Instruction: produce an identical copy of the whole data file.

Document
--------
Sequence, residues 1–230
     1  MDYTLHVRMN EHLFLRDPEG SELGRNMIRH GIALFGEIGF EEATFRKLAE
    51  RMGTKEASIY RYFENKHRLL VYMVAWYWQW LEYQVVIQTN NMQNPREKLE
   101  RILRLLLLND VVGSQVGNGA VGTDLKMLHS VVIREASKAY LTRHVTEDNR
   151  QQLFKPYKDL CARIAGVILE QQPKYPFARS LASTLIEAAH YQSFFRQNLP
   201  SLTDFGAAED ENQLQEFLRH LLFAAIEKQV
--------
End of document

Sequence, residues 1–230
     1  MDYTLHVRMN EHLFLRDPEG SELGRNMIRH GIALFGEIGF EEATFRKLAE
    51  RMGTKEASIY RYFENKHRLL VYMVAWYWQW LEYQVVIQTN NMQNPREKLE
   101  RILRLLLLND VVGSQVGNGA VGTDLKMLHS VVIREASKAY LTRHVTEDNR
   151  QQLFKPYKDL CARIAGVILE QQPKYPFARS LASTLIEAAH YQSFFRQNLP
   201  SLTDFGAAED ENQLQEFLRH LLFAAIEKQV